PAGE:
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The Neahtawanta Center has undertaken a project called Investigating Resilience in our Community.
Through the lens of various themes we look at the state of our community's resilience. With our host Dave Barrons, each program of ICR-Investigating Community Resilience illustrates one or more characteristic of resilience in our Grand Traverse Bay region.
Definition of Resilience from the Resilience AllianceEcosystem resilience is the capacity of an ecosystem to tolerate disturbance without collapsing into a qualitatively different state that is controlled by a different set of processes. A resilient ecosystem can withstand shocks and rebuild itself when necessary. Resilience in social systems has the added capacity of humans to anticipate and plan for the future. Humans are part of the natural world. We depend on ecological systems for our survival and we continuously impact the ecosystems in which we live from the local to global scale. Resilience is a property of these linked social-ecological systems (SES). "Resilience" as applied to ecosystems, or to integrated systems of people and the natural environment, has three defining characteristics:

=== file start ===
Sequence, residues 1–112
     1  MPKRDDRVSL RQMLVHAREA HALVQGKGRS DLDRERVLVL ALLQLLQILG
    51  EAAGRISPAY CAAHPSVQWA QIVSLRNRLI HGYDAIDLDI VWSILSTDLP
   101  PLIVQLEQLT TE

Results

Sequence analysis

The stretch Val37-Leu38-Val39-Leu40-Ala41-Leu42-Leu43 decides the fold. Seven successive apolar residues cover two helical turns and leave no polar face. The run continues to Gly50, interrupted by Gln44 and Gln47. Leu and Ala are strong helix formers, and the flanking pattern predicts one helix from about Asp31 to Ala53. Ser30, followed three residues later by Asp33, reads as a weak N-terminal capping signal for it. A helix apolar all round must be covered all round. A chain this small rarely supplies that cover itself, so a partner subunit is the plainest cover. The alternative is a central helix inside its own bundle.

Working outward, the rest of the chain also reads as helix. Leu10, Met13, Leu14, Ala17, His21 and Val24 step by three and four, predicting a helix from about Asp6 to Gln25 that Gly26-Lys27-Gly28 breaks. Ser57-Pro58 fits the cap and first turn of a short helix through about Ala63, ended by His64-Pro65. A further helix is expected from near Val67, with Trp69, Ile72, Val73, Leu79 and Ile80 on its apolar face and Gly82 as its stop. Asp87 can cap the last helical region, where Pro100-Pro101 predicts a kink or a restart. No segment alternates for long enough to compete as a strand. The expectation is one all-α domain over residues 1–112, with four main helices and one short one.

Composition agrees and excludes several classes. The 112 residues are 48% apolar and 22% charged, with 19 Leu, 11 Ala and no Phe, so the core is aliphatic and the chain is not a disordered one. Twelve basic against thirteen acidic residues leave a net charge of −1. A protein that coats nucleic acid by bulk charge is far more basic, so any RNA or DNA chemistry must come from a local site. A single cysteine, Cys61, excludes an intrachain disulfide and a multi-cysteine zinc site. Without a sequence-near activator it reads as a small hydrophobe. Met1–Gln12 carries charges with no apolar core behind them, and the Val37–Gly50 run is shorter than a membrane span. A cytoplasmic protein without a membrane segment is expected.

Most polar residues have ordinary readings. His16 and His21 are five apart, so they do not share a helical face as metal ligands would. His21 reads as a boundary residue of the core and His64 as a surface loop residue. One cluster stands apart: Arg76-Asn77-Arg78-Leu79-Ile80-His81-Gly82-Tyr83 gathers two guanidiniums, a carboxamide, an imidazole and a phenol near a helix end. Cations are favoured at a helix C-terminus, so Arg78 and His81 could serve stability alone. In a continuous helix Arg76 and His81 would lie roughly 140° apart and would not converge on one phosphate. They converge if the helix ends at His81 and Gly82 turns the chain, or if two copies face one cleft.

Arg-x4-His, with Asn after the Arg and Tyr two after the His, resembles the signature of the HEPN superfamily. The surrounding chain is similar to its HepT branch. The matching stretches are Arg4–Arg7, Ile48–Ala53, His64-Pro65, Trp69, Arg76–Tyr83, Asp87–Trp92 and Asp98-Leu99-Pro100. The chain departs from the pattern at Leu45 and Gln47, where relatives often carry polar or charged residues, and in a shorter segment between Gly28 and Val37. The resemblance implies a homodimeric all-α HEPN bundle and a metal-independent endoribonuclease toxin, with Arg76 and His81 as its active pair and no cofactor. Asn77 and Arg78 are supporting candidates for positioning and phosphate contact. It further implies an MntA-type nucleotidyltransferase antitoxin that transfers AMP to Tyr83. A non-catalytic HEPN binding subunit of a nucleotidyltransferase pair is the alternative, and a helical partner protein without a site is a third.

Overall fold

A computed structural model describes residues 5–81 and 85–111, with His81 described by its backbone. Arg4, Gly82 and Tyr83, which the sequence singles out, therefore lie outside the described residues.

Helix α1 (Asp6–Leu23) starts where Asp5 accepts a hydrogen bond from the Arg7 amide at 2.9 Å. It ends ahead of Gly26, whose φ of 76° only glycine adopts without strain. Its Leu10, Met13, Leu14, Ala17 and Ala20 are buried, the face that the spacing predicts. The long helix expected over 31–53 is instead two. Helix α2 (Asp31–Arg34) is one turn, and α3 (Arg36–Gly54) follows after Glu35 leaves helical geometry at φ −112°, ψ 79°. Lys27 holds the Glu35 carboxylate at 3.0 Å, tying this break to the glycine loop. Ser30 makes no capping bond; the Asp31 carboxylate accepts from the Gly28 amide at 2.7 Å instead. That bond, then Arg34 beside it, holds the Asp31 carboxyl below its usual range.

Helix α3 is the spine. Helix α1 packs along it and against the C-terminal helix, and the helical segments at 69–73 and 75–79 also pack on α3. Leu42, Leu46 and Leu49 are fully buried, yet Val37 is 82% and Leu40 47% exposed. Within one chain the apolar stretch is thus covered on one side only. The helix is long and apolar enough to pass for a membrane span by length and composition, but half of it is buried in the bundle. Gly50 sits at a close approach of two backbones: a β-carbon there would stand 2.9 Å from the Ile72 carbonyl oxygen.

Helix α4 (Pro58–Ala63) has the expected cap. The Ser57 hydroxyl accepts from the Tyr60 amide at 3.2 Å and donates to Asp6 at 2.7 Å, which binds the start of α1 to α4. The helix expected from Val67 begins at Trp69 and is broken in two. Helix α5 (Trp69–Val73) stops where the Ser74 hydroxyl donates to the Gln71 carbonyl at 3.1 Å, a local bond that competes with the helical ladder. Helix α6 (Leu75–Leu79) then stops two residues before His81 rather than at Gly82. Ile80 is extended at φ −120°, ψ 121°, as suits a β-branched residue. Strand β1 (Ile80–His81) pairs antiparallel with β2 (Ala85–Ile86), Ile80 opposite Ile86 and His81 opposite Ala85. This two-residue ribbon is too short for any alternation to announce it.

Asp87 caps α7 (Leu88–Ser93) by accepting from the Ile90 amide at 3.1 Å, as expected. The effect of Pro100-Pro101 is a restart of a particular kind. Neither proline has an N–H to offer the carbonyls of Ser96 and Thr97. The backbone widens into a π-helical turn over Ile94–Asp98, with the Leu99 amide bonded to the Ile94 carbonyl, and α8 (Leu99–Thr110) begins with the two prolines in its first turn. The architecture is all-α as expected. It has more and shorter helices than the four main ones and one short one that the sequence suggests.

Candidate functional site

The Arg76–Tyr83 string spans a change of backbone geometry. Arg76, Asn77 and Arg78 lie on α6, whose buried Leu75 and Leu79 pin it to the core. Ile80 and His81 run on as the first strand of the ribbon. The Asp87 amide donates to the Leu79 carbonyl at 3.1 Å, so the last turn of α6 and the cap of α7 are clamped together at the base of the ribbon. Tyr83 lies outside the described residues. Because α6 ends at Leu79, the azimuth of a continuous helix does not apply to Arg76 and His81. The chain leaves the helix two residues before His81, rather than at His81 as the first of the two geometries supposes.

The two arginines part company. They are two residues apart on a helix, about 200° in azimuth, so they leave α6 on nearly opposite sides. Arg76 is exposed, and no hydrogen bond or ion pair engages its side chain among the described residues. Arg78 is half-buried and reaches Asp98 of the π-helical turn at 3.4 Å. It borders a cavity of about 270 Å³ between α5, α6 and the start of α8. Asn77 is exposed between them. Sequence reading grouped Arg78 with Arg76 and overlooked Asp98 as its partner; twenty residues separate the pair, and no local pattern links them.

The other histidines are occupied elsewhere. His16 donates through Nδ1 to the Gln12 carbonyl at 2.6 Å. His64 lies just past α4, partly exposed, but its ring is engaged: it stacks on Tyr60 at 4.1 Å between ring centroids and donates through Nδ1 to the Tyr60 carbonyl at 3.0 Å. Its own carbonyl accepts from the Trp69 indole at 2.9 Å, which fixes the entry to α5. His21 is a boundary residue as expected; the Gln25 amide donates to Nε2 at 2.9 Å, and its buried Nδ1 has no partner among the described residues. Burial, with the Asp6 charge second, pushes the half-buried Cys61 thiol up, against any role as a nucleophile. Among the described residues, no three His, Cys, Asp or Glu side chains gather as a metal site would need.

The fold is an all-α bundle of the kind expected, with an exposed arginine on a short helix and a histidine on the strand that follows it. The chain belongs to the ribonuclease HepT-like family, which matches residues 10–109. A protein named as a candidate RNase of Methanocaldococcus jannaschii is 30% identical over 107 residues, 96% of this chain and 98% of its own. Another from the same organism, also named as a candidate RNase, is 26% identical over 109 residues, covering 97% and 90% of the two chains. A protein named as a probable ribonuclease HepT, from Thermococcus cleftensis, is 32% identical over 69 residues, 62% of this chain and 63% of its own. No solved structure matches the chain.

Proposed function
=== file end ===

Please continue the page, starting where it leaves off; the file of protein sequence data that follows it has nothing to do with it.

- The amount of change the system can undergo and still retain the same controls on function and structure
- The degree to which the system is capable of self-organization
- The ability to build and increase the capacity for learning and adaptation
As we focus in on some specific areas within our social community, such as food systems, health care, energy and economics, we will investigate their level of resilience based on indicators such as: vibrancy, inclusiveness, diversity, optimism, cooperation, self reliance. Ecological systems can be assessed by using some of the same indicators, along with fragmentation, degradation, ability for regeneration, resistance to disease, and balance.